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The Inter-Organizational Access Committee (Ioac)

Editor's Note: Editor's Note: Ainley Bridgeman is a long time equality rights activist, living in Winnipeg, Manitoba. She is currently the chairperson of the Inter-Organizational Access Committee.


The Inter-Organizational Access Committee (IOAC) is a community group that promotes the philosophy and implementation of universal design principles in human made environments. Its membership is fluid, involving individuals and public and private organizational participants. The IOAC is issue oriented, bringing people together around specific problems or objectives. Its funding came from project grants and lately through royalties from the sale of its publication. It has a valuable association with the Manitoba League of Persons with Disabilities (MLPD) for staff and administrative assistance.

A word about universal design. The premise of universal design is simply that people in our population have a range of functioning, and it seeks to design for the range. Conventional architecture typically designs for the "average", which excludes many, thus necessitating "barrier-free" measures to attempt to address obvious gaps. With universal design, the primary design will take into account the continuum of needs such as vision, hearing, balance, lower body strength and mobility, upper body sttrength and mobility, stamina, stature, cognition and life span. The design solutions must be the same for all--flexible, simple to use, safe, etc. The approach does not simply rely on specifications, but on a problem-solving process that clearly evaluates the functional adequacy of a proposed design solution. Since universal design is a more integrated approach rather than disability specific, it should more readily win the support of decision-makers, especially in view of our rapidly greying population.


The IOAC originated through the initiative of a progressive orientation and mobility instructor at the CNIB, who wished to gather greater expertise to respond to the frequent community requests for advice on making environments accessible to people with little or no vision. This group increased its consumer participation, secured a consumer chairperson, detached itself from the CNIB and became affiliated with the MLPD.


During the first few years of its separate existence, the IOAC managed two federally funded projects which resulted in the SUPPLEMENT TO UNIVERSAL DESIGN GUIDELINES; FOCUSING ON THE NEEDS OF PEOPLE WITH VISUAL IMPAIRMENTS (1995) and a second edition with the addition of an audit check list for evaluating environments in terms of the guidelines (1996).

Also during this time a subcommittee addressed the need for access to pedestrian signal information, and extensive discussion and work was done in cooperation with City staff on criteria for prioritizing the installation of audible signals. When it became evident that access to signals required a political process, the IOAC worked with the former NFB:AE chapter, later the Alliance of Blind Manitobans, to advocate for an audible signals policy. This was achieved in April, 1998.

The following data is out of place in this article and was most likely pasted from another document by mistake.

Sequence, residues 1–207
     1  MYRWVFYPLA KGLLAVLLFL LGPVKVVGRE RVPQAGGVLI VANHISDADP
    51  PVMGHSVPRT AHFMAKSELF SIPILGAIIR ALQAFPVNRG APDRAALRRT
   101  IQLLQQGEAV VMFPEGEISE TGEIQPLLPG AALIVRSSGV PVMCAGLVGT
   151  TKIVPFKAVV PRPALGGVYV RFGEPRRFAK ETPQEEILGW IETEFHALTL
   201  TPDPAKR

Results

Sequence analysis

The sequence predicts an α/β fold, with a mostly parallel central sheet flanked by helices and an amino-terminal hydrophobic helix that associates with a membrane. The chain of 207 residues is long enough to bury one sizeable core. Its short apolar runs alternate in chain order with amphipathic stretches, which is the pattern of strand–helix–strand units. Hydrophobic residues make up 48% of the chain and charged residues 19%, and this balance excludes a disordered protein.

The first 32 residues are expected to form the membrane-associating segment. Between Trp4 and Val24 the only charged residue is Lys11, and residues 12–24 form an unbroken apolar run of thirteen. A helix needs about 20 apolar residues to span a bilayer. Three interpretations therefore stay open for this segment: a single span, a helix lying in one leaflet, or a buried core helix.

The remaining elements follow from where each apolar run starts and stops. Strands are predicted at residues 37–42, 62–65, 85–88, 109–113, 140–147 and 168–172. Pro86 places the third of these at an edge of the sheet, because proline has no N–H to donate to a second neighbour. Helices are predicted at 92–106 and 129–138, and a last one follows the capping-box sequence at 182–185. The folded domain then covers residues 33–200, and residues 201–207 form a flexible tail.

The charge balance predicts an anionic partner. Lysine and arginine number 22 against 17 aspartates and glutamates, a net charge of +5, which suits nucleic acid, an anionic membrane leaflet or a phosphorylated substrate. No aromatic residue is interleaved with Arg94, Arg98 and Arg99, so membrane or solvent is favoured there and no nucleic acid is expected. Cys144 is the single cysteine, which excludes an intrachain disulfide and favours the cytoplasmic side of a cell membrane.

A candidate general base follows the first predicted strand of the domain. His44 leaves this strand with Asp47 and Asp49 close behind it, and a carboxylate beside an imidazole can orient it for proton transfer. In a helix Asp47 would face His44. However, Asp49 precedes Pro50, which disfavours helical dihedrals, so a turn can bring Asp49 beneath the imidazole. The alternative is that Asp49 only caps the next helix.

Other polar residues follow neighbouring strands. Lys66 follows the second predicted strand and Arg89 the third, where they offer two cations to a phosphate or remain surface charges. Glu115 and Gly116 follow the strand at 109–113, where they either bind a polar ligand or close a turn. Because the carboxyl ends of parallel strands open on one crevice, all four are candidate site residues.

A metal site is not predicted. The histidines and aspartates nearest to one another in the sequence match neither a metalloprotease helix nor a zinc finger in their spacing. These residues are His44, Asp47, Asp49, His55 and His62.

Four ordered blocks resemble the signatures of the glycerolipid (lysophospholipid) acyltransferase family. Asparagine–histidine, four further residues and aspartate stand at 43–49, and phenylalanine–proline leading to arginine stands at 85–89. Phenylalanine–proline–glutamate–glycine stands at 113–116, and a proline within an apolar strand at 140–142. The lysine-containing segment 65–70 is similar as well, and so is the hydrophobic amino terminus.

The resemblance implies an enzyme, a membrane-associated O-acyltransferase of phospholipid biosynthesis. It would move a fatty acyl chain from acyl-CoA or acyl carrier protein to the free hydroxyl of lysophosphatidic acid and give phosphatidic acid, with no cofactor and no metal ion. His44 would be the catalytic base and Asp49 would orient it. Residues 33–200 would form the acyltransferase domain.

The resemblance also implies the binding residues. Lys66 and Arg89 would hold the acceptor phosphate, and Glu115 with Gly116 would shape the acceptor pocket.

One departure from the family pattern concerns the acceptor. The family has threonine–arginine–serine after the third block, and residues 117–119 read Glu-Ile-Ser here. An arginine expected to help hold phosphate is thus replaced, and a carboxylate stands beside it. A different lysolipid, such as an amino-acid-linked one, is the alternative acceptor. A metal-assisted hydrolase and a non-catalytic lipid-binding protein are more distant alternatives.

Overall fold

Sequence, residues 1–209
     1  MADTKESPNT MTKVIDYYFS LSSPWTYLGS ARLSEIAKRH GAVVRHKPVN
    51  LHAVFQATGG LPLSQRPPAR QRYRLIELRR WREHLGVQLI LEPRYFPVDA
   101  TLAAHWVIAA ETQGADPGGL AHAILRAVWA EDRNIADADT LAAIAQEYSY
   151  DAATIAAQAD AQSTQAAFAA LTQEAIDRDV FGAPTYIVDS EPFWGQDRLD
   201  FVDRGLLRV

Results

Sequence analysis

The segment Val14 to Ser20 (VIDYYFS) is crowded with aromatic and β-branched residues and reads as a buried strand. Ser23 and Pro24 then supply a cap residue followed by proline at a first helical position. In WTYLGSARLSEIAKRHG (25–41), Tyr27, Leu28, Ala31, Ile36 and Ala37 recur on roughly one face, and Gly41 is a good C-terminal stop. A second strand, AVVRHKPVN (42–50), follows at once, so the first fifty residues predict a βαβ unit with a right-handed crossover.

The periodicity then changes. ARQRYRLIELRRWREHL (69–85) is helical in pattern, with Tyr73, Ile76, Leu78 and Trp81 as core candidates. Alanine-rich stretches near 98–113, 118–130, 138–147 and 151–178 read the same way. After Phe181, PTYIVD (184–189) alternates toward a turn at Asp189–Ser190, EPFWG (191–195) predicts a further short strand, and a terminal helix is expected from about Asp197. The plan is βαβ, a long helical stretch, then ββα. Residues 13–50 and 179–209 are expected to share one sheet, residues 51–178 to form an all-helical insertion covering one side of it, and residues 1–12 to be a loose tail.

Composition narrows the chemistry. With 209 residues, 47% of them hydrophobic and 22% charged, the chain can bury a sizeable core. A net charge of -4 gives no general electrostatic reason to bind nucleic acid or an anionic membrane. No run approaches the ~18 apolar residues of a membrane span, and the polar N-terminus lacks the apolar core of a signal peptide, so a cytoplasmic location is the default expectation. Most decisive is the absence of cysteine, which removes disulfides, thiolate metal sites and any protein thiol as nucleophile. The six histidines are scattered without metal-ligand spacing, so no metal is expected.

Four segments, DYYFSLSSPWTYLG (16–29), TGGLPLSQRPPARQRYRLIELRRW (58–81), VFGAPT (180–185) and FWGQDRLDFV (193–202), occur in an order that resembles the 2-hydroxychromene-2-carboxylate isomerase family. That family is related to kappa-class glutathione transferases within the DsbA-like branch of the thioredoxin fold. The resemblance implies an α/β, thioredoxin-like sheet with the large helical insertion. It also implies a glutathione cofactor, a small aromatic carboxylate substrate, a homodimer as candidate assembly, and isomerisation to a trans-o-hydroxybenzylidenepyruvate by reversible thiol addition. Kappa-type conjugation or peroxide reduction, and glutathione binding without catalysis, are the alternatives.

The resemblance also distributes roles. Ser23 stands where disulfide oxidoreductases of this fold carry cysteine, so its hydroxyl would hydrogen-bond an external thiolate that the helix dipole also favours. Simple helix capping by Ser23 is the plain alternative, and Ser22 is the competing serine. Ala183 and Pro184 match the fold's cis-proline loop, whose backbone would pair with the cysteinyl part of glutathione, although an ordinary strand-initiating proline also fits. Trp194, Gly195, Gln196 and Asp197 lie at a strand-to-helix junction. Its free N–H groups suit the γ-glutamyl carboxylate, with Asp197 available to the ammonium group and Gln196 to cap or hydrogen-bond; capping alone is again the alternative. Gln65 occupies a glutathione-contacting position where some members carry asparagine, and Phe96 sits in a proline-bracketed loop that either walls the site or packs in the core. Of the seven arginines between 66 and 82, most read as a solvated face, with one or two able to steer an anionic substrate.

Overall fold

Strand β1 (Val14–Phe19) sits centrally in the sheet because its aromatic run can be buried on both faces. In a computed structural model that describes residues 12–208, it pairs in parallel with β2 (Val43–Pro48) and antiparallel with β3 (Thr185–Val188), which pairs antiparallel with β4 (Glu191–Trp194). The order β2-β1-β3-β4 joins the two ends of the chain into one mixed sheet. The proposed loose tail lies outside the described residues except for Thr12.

There have been problems with the implementation of the audible signals policy. Therefore in July, 2001, the IOAC subcommittee developed "Implementation Guidelines for Accessible Pedestrian Signals" using a universal design approach. We are presently attempting to assist the City by offering to evaluate more accessible pedestrian signal designs. So, towards the objective of accessible pedestrian signal services, we continue to negotiate, do political advocacy and, as it becomes necessary, encourage human rights complaints.

In 1999 an IOAC representative on the new Winnipeg Airport's Authority's Community Consultative Committee won the strategic objective "to develop state of the art airport facilities showcasing universal design principles." The commitment encompasses a multiple format policy as well. Although capital expenditures have been drastically cut, in line with the reduction in the air industry, universal design principles are incorporated when addressing any modifications at the airport. A new airport terminal building is tentatively slated for 2007. An outside universal design consultant and a universal design advisory committee are used for reference.

In 1999 following a Winnipeg universal design conference, the IOAC began a process to develop a universal design by-law and policy for the City of Winnipeg. We contracted with a universal design consultant to do the policy drafting. The IOAC's proposed universal design by-law and policy went through a long negotiation with the City of Winnipeg Access Advisory Committee and the City Administration. The resulting document was not substantially compromised through this process. Winnipeg City Council adopted its universal design policy in December, 2001.

The policy applies to all new and major retrofits to indoor and outdoor environments, as well as transportation, services, communications, policies and budgets. It has an ongoing training component, with designated staff accountable for results. There is a specific review process including an audit checklist and, in certain circumstances, an audit by an outside universal design consultant.

The IOAC is also working on the development of a Charter challenge to the National Building Code through grants from the Court Challenges Program. We view the Code as discriminatory, as its "barrier free" approach provides inferior access to people with "disabilities". That compromises safety.